8/01/2008

Change in the offing?

Chua Mui Hoong wrote about the possibility of change as hinted by Chok Tong. In her view there could be changes but under the ruling party's terms. The ruling party shall call the shot, decide who can play and set the rules. Is this not the case all this while? The govt, she said, which is actually the ruling party, shall be the controller, the game master and shall work out a system that is fair to all players. What kind of system, and how fair, would come out of it if the game master is also the key player with vested interest to remain as the main player? Sue Ann Chia also discussed about the hints of coming changes, probably bigger GRCs, bigger deposits, to ensure that the ruling party continues its dominant position but with more participation in the form of nominated MPs. The possibility of ever bigger GRCs, maybe lesser than 5, or maybe 1 or 2 cannot be ruled out. Such a change could totally rule out any opposition participation because of the extremely high cost in deposit money and their inability to gather enough respectable candidates. It will deal a death blow to the opposition and for all. This is similar to what Zhu Ge Liang did when he advised Xiang Yu, I think, to tie all his ships together to form an unsinkable platform. It was a formidable strategy, like All In in a poker game. The rest was history. Correction. Abao has given the correct names of the general and advisor. It was Cao Cao and Pang Tong. The moral of the story was the tying of the ships together and they all got burnt together.

17 comments:

Mockingbird said...

With bigger GRCs & deposits, the possibility of voting PAPpy out of power seems more and more remote :(

Anonymous said...

The original objective of the GRC idea was to enable minority races to be represented in Parliament. What is the rationale to have a, say, 6-person GRC if we have only 5 racial groups in the country to be represented?

redbean said...

maybe we need to provide one for foreign talents.

Anonymous said...

It is political brinkmanship at its best. You win big, you also lose big.

Anonymous said...

On the contrary, it reflects lack of confidence in PAP on winning the next GE. It is a sign of weakness and hence the needs to increase the size of the GRC.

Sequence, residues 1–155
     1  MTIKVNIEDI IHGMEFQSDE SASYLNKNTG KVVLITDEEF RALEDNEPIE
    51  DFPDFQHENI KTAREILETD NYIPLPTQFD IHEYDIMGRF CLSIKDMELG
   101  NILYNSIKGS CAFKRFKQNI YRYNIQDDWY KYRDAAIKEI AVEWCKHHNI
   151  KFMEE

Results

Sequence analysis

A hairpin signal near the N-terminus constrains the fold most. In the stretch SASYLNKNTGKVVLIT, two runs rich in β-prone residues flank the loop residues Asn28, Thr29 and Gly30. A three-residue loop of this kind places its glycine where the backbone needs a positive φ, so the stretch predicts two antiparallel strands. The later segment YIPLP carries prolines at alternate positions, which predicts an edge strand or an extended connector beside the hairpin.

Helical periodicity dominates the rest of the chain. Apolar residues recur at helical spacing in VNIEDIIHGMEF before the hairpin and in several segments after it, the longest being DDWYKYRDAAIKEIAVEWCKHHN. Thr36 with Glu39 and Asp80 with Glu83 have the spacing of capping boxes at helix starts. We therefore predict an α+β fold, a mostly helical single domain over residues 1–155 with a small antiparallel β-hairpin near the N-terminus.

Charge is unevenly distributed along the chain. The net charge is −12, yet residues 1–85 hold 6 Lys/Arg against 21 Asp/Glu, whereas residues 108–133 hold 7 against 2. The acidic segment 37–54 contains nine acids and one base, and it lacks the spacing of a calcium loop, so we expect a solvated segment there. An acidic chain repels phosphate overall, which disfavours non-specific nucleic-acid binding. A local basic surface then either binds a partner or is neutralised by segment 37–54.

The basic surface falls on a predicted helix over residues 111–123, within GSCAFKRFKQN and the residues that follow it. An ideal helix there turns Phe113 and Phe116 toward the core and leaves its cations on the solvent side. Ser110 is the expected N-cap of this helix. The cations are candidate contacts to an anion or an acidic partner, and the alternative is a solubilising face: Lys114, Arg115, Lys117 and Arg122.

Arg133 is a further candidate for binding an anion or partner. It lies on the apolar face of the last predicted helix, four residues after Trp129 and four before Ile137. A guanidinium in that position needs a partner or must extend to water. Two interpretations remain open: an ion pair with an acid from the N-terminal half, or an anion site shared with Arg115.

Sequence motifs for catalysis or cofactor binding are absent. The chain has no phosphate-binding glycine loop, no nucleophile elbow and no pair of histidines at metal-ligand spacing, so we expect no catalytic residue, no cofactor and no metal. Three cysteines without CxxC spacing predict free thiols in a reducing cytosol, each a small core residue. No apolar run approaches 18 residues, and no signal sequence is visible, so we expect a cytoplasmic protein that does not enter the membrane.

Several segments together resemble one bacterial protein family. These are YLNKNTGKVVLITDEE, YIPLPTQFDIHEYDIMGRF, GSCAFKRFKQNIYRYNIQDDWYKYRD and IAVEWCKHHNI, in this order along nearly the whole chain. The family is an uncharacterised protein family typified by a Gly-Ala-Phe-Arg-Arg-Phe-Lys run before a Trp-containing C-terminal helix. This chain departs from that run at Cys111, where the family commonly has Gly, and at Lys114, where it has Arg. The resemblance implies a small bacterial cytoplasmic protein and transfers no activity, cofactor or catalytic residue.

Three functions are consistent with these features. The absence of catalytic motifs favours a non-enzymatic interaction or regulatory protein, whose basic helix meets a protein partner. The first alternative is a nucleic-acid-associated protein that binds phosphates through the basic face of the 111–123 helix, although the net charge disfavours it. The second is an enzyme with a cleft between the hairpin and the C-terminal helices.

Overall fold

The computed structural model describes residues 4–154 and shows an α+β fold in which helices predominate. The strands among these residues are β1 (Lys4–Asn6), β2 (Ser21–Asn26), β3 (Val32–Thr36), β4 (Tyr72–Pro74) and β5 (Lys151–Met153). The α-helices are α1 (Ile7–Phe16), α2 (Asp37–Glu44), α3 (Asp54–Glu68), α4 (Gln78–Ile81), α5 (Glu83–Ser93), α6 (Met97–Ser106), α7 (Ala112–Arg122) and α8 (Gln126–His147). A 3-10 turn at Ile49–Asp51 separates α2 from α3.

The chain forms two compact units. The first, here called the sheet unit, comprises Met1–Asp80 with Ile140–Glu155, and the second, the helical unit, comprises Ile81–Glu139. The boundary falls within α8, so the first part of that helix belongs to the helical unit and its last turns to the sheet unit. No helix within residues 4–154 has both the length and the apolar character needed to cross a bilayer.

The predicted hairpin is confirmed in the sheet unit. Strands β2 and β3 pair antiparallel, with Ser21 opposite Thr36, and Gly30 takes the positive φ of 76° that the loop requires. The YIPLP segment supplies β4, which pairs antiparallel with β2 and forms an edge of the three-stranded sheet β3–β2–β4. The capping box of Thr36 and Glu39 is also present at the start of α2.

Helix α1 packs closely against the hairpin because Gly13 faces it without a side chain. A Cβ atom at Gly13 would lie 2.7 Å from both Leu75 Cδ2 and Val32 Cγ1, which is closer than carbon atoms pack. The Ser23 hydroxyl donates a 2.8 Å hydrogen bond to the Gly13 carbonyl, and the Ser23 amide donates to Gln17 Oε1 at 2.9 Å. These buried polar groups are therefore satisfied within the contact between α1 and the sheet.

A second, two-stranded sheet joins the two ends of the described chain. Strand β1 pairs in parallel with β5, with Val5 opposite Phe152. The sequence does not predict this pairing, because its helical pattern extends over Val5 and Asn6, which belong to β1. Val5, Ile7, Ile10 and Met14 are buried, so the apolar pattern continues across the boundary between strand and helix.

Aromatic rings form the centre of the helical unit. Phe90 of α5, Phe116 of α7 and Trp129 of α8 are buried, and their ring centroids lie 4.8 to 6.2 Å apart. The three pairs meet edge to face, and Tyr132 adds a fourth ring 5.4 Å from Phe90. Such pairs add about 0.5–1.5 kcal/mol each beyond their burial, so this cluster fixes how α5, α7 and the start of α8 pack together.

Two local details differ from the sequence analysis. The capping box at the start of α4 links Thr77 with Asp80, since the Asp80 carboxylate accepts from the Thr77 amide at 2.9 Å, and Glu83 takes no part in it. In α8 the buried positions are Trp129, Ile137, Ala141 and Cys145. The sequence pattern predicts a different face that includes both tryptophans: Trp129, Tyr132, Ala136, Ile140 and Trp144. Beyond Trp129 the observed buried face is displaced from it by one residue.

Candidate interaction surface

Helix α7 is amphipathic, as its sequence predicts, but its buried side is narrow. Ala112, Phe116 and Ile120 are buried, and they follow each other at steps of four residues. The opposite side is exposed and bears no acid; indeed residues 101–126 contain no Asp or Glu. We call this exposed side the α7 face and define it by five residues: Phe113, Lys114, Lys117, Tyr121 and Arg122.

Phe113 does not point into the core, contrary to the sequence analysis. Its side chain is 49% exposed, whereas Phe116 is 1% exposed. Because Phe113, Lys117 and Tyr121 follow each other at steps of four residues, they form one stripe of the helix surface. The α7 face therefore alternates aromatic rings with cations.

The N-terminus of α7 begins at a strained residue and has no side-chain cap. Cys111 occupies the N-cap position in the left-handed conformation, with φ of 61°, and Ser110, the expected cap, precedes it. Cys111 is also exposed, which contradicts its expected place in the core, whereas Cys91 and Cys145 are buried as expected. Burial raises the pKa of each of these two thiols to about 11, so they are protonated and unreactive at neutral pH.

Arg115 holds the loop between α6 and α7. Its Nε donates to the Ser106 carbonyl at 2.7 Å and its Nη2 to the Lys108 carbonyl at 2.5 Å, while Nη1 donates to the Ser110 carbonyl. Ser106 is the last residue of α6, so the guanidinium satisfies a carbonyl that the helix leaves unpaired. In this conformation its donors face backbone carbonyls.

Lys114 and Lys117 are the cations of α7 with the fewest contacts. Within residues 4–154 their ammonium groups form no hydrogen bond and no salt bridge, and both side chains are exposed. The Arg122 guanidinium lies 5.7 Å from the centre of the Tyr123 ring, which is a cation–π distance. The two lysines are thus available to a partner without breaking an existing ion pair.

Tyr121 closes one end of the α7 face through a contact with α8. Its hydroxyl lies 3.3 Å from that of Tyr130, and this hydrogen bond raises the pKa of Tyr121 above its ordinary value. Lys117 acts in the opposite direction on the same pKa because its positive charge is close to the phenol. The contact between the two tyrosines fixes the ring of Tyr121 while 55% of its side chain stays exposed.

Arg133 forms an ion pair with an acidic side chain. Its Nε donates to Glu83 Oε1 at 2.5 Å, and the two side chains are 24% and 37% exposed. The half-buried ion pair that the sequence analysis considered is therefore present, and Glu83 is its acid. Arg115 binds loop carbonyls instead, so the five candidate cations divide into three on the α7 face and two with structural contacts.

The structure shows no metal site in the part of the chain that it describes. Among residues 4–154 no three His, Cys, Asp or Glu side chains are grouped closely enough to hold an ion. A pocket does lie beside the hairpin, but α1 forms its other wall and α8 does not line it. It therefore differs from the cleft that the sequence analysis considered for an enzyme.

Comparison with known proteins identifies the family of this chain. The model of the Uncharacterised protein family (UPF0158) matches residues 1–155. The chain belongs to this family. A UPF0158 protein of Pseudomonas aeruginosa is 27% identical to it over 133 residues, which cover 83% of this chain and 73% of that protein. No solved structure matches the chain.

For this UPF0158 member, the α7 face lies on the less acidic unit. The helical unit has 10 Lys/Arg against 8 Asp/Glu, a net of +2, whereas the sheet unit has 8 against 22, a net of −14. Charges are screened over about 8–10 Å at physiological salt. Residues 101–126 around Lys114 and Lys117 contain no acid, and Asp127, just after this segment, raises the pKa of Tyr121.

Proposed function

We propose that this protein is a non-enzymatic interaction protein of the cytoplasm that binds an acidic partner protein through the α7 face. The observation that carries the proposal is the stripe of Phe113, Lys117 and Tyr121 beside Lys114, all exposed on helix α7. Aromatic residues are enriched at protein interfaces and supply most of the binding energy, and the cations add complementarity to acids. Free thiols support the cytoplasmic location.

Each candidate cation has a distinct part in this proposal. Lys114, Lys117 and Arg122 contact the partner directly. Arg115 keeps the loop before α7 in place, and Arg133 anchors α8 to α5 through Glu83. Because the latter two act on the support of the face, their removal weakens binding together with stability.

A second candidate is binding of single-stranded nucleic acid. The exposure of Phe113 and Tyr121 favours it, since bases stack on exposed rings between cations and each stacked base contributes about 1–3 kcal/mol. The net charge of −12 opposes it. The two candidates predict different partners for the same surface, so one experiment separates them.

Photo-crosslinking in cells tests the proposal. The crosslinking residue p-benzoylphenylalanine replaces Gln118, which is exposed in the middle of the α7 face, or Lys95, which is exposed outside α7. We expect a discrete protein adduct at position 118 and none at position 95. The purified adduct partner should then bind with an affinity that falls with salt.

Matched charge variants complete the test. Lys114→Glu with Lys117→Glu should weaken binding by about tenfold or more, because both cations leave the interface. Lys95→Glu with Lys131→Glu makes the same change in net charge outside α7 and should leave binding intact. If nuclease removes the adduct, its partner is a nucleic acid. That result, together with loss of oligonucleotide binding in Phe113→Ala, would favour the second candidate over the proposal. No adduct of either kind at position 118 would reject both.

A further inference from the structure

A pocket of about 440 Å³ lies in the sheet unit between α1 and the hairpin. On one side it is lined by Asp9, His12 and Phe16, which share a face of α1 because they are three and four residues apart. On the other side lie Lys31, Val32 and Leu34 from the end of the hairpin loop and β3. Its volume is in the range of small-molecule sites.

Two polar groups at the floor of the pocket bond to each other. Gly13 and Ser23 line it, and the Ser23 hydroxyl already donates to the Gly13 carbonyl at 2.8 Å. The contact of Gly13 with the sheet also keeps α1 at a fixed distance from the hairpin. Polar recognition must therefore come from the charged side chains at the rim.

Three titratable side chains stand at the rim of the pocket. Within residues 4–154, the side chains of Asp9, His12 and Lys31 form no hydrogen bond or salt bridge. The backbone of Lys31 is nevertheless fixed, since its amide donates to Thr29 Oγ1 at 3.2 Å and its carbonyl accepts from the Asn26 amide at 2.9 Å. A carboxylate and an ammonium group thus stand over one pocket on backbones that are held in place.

Anonymous said...

The signs of weakness are showing. Which country's PM needs 2 deputies, a SM and a MM to hold his hand?

Anonymous said...

not forgetting the high powered councils of advisors and the ones without portfolio.

redbean said...

it is very difficult to see anything wrong with our own actions, especially when they benefit ourselves. just like the drunkard who will not know that he is drunk.

Anonymous said...

Better to remove your last paragraph about Zhu Ge Liang and Xiang Yu when you know nothing about it.

Both persons are from different eras!

redbean said...

you are right anonymous. that's why i added 'i think'. couldn't remember the general involved. but the moral of that story was the tying of all the ships together and all flamed up together.

Abao said...

Aiyo eh redbean, ur ROTK history is fail......

Xiang Yu was from the Chu-Han Contention era; the Premier Zhuge Liang was from the 3 Kingdoms.

And going by the Novel, it was Pang Tong who advised Cao Cao on linking the Ships together to form a stable platform for ships.

However, in real History, the Chained Ships was thought out by Cao Cao himself, after observing that his troops arent used to the rough waters of the Yangtze river. In any case, he was to be outwitted by Zhou Yu, Zhuge Liang and Lu Su in the resulting Battle of Chibi.

Thus, your last paragraph is completely wrong.

redbean said...

thanks abao,

my memory is fading. i was also too lazy to check on the names. and thanks again for clarifying that. i will amend the main post.

Anonymous said...

You see, the internet police itself. Where can the untruth be taken as the truth. Long live the internet.

Anonymous said...

redbean,

also yr English needs some watching:

In her view there could be changes but under the ruling party's term(s)(plural). The ruling party shall call the shot(s)(no r), decide who can play and set the rules. Is this not the case all th(is) while?

Eatmoney said...

The PAP have already alienated 33.4% of the population by depriving them of equitable representation. The support from the remaining 66.6% will start to wane after feeling letdown by the poor performance of the 82 MPs, lacking in courage and honesty to speak up. It is disgraceful when you compare NMP Siew K H to these MPs in parliament. The PAP's blatant attempt to further tweak the system to increase their advantage to ensure victory cannot rule out increasing the anger index of the ordinary folks. The hatred may reach a stage and level that will be hard to contain. It will be shear madness to have 50 to 60 % ordinary folks having ill feelings towards the govt and its perceived beneficiaries. Truly a divided nation.

redbean said...

thanks anonymous,

errors amended. no excuse even if in the hurry and did not re read what i typed.

and welcome to the blog, eatmoney.

2 points. do the people feel alienated and how bad is it? as long as the people keep electing the pap to power, it means that for what is their worth, they are still welcomed to rule, or at least bearable.

siew kum hong has done a good job in raising issues in parliament. the ruling party mps are not expected to do that kind of things. even if they try, it cannot be the same as one from outside the party. it is better that they enjoy their cat naps. more credible that way.

Anonymous said...

hehe... Abao is right when she said your ROTK fail... Pang Tong was sent by Zhuge Liang to convince Cao Cao that tying all the ships together was a good move.

Thus,they (Cao Cao and Pang Tong) didn't burn together... only Cao Cao and his troops... Pang Tong sniggered back to Zhuge Liang's camp :P